Biggie Day

I'll never forget when I got the vinyl of "Born Again" months before anybody else. Unfortunately I never listened to it, because the second I removed it from the sleeve I uncontrollably ejaculated all over it.

I’ll never forget when I got the vinyl of “Born Again” months before anybody else. Unfortunately I never listened to it, because the second I removed it from the sleeve I uncontrollably ejaculated all over it.


“The greatest rapper of all time died on March 9th”    -Canibus


It’s hard to believe that it’s been seventeen years since Biggie was murdered, and even harder to believe that authorities are still no closer to solving that crime—or the murder of Tupac—than they were before their bodies were even cold.  I don’t think anyone still believes that those crimes will ever be solved at this point, but nevertheless the day of March 9th should remain one of celebration forever more.  There’s no real protocol to celebrate Biggie Day, except perhaps eating until the point of intestinal explosion and donning a fedora, but I always like to mark the occasion by playing an endless loop of his classics.  It was almost tougher than defeating him in a pie-eating contest, but I narrowed down my top five favorite Biggie songs of all time:


1.  Kick In The Door – If an alien landed in my back yard and asked me to summarize Biggie in one song, this would be the one.  I could literally—and practically do—listen to this song every day and never get tired of it.  It’s also interesting to note that Puff Faggy actually told Primo that he was upset with the production; that shit’s so raw his bitch-ass must’ve got his panties hopelessly entangled.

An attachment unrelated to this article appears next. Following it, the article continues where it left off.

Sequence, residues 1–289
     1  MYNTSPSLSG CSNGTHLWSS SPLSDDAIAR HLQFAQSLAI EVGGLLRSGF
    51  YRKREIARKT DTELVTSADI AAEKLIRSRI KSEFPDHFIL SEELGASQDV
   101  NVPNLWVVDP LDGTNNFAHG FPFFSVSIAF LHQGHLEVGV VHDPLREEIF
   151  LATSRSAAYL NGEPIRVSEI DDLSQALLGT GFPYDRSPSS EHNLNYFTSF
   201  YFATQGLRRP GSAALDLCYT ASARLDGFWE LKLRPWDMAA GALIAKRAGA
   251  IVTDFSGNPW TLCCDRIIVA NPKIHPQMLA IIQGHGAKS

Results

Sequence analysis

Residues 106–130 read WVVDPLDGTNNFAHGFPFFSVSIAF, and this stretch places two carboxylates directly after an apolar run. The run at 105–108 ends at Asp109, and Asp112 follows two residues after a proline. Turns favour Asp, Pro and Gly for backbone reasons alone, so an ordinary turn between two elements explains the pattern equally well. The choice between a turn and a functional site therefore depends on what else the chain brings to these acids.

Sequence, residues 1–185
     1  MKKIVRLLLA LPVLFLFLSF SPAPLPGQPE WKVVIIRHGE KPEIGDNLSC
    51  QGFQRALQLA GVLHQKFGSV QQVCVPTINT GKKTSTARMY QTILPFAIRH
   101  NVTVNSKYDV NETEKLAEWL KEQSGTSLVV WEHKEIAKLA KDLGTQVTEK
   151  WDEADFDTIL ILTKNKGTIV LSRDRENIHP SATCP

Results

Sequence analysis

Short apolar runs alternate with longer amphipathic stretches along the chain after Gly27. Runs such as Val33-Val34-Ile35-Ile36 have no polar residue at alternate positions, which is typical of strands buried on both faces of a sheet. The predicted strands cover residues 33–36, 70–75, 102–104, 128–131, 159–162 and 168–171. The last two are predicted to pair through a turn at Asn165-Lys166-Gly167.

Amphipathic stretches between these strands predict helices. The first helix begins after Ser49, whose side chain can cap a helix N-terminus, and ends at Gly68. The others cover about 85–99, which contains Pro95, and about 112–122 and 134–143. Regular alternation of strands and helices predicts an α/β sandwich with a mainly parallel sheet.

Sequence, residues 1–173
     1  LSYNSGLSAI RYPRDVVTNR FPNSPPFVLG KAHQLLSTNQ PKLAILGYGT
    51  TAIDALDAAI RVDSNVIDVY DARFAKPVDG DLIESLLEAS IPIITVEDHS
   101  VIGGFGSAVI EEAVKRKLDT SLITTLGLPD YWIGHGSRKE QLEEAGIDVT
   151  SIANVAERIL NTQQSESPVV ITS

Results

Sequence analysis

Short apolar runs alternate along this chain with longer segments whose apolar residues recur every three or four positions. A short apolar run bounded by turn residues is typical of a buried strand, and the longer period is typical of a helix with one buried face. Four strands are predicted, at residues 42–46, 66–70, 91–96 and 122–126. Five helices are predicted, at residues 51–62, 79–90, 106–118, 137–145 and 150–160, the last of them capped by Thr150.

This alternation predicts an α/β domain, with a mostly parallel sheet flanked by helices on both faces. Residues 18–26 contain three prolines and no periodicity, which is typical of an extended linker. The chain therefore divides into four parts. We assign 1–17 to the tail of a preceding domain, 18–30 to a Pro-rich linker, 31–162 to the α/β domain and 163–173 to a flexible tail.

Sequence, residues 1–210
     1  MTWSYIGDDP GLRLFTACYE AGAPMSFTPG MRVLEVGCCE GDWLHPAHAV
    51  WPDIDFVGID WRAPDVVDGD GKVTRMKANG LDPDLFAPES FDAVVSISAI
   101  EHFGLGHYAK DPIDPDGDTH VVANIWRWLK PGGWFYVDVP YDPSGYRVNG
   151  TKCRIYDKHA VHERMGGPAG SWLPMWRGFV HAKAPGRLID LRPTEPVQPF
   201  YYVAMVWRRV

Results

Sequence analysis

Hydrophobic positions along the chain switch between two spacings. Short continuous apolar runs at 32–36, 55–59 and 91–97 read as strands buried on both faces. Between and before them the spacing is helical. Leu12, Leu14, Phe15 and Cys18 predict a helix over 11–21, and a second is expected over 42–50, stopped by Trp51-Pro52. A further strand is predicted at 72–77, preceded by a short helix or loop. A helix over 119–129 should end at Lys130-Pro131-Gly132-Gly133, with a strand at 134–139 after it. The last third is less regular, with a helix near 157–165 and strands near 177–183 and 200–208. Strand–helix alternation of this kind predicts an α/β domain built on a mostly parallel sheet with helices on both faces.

2.  10 Crack Commandments – Still the greatest song about slinging crack of all time, and that’s a strong field to choose from.  Biggie was in peak form with his creativity in this classic.  “Never get high on your own supply” isn’t simply a lyric, it’s words to live by.

3.   Sky’s The Limit – The Notorious one never got more real than he did on this song, and it’s a shame he didn’t do it more often because it’s undoubtedly one of his all-time best lyrical efforts.  It’s tracks like this that really make me wonder how great Big might have been if he had lived until now.

4.   Unbelievable – Similar to “Kick In The Door” not just for the Primo production but also for the sheer mastery and entertaining quality of Biggie’s flow.  Be careful not to turn up your headphones too high when you listen to this, it’s been known to shatter eardrums.

5.   I Got A Story To Tell – Big was at his (unsurprisingly) storytelling best with this one, and penned a hilarious and epic tale that has never been duplicated before or since.  I love his re-telling of the story to his cronies at the end, when he’s asked which Knick and he goes, “I don’t know, one of them 6’5” niggas,”  Howard Cossell couldn’tve said it better.


It’s weird to think about how Biggie’s legacy would’ve been affected by Puffy’s unabashed faggotry had he lived.  Would he have appropriately ditched an obvious scourge of real hip hop, or would they be sewing Puff’s and Mase’s shiny-ass suits together to make Biggie a sleeve?  Could Notorious BIG have allowed himself to become notorious F.A.G?  Nobody in his inner circle’s subsequent careers have added to his legacy whatsoever.  I guess Puff’s lyrically-challenged ass actually said it best on Missing You: “My thoughts Big I just can’t define.”

He sure can’t.  When it comes to Biggie’s legacy, nobody can.



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